Q&A – Ask Neil: June 29, 2023
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WHY DON’T MY CRAPE MYRTLES BLOOM? THEY’RE IN FULL SUN.
Question: Why don’t my crape myrtles bloom? They’re 8 years old and in full sun. Tanya M., Springtown, Parker County.
Answer: As a founding member of The Crape Myrtle Trails of McKinney Board for almost 25 years, I’ve worked with perhaps 40,000 plants over that time. Crape myrtles need three basic things to flower to their maximum potential. (1) Full sun. We can check that one off. Yours are obviously getting that. (2) Ample water. I’m not sure about this one. This year has been fairly good for rainfall, but there have also been dry times. (3) Nitrogen. Crape myrtles bloom on new growth. Your plants do not appear to have grown very much this spring. It’s rather late to push them this year, but you might still try applying an all-nitrogen lawn-type food on them along with a thorough and deep soaking. Next year start feeding them in late March, again in mid-May or early June and again in late summer. Water deeply a couple of times a week. Give that a try for one season and see if it doesn’t make a marked change in their flowering.
SHOULD I PRUNE MY CLEMATIS BACK AGAIN THIS YEAR?
Question: You suggested that I prune my clematis that was almost dead back to 18 inches at Thanksgiving last year. I did, and it came out and bloomed beautifully this year. Should I do it again this year? Dorothy C., Grayson County.
Answer: I can’t remember your specific question. If it was sweet autumn clematis, yes, it should be pruned after the first hard freeze every year. But you mentioned that your plant has already bloomed well this year, so it must have been some other species (a spring-flowering one). In that case, the best time to prune would be immediately after your plant blooms in the spring. In that latter case you would probably do a lighter job of pruning now that its vigor has been restored.
WHAT IS WRONG WITH MY LAWN?
Question: We had new sod planted last May. It was slow to green up this year, and there are many gray patches that are like straw. My lawn care company said it is red thread fungus and recently applied a fungicide. Do you agree? Is there anything else we should do? Jeff S., The Colony.
Answer: If they sent a sample to a diagnostic lab and came back with red thread confirmation, I guess that would be correct, especially if the very conspicuous red thread-like growths were evident in the turf. But it’s more common with ryegrass and bentgrass, neither of which is in your photo. This looks more like the much more common (to Texas) take all root rot.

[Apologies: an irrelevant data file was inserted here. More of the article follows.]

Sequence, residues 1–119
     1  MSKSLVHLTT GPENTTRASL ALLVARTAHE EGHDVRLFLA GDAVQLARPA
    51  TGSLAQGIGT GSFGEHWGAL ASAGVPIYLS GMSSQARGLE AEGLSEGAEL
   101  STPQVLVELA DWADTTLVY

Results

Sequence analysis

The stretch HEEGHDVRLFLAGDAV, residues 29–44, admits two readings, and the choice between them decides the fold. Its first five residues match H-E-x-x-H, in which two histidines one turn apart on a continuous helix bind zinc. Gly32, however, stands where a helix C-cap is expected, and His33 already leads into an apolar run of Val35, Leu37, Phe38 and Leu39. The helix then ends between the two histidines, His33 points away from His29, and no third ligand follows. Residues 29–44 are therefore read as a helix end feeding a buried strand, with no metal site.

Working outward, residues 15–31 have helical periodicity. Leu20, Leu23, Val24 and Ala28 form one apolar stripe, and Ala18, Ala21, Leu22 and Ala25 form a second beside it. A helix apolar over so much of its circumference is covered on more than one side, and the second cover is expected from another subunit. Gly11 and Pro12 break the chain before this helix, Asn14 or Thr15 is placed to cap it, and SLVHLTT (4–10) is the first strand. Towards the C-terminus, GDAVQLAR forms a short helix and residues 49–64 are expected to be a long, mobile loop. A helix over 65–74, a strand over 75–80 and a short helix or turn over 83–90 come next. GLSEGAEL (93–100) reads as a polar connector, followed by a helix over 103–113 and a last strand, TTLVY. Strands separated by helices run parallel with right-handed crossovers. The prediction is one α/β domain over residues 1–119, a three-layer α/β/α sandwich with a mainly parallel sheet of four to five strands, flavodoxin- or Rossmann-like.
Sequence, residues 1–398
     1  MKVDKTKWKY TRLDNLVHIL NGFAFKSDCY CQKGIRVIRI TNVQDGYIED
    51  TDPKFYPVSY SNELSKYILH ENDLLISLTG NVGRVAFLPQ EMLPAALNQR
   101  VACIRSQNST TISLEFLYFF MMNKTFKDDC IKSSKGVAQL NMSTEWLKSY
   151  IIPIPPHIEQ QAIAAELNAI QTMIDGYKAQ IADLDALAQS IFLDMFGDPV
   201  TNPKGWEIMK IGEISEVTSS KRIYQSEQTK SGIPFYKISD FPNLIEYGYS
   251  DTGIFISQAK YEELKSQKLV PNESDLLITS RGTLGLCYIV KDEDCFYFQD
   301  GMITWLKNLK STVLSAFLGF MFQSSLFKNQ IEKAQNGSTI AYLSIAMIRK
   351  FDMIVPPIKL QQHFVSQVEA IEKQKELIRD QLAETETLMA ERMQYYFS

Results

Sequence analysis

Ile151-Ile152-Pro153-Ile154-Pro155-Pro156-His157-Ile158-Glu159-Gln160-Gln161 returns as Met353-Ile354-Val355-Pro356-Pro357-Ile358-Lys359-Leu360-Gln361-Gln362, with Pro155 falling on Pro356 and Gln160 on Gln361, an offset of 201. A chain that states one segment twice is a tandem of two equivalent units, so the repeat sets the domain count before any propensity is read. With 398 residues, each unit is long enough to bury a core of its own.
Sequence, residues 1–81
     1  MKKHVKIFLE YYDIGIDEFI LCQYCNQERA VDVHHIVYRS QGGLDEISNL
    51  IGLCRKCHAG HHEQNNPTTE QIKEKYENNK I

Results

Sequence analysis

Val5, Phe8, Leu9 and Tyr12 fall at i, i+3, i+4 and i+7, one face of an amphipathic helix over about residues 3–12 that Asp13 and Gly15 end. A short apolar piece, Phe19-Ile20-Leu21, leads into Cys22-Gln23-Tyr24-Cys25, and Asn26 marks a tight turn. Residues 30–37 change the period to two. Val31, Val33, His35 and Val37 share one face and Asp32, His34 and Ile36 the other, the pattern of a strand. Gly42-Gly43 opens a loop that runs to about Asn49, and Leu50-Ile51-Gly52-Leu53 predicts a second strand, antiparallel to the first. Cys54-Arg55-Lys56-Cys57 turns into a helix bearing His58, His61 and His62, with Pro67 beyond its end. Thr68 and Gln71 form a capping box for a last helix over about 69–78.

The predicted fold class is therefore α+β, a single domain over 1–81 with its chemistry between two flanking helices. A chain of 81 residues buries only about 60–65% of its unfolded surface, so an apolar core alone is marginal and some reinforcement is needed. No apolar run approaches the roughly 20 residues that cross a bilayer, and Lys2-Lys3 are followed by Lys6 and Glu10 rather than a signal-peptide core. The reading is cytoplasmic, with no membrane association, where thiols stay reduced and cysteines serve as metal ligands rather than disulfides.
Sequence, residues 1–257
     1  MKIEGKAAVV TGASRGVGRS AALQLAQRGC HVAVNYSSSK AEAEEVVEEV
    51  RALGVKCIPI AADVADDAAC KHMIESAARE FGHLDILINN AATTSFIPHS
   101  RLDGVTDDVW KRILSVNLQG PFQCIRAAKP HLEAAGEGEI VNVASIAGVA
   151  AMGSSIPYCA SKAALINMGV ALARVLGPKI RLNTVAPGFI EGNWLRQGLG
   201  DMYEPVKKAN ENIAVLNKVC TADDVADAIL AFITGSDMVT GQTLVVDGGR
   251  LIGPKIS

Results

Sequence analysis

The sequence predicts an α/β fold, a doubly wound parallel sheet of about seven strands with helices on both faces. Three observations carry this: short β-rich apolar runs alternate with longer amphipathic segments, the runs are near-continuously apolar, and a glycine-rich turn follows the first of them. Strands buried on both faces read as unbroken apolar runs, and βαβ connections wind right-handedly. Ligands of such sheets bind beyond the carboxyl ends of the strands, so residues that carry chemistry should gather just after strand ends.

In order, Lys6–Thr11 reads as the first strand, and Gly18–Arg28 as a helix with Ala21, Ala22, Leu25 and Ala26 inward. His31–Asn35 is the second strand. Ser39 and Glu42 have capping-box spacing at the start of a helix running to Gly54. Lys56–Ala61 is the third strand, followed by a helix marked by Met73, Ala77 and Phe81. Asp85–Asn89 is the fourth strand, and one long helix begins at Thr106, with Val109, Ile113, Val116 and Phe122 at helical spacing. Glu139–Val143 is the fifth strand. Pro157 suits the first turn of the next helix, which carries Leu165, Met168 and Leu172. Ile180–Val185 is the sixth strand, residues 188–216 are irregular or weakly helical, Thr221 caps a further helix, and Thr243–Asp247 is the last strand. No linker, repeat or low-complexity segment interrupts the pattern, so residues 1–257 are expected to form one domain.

WHAT IS CAUSING THESE LEAVES ON MY PINEAPPLE GUAVA TO CURL?
Question: We planted these pineapple guavas in April 2021. They’re doing well except for this one branch. What might be causing these leaves to curl? Dory D., Cypress, Harris County.
Answer: I can’t tell. My best guess without additional information would be possibly some kind of damage to that branch that caused it to crack. Second possibility: a drift or wash of some type of herbicide. Watch closely to see if adjacent leaves show any signs of damage. It may stop without spreading.
CAN FIRE ANTS CONTROL CRAPE MYRTLE BARK SCALE?
Question: My crape myrtle had lots of bark scale. Fire ants moved in and seemed to be destroying the scale. After three days they were gone. There were never any aphids and there was no honeydew on them. The photo is post-fire ants. John S., Gunter, Grayson County.
Answer: Fire ants do odd things. It’s my unprofessional guess that they’re why we no longer have many horned frogs and tarantulas and maybe even chiggers where fire ants are now common. But I’ve never heard of their feeding on scale insects, especially those up on trunks of crape myrtles. I’ve watched a lot of crape myrtles for bark scale and I’ve never noticed them there.
CAN I TRIM THIS AUTUMN BLAZE MAPLE TREE?
Question: Can I trim this Autumn Blaze maple tree? It’s in its fourth year and it has several lower limbs that have really taken off. It’s become difficult to mow beneath them. When would be the best time? Joe H., Ardmore, Oklahoma.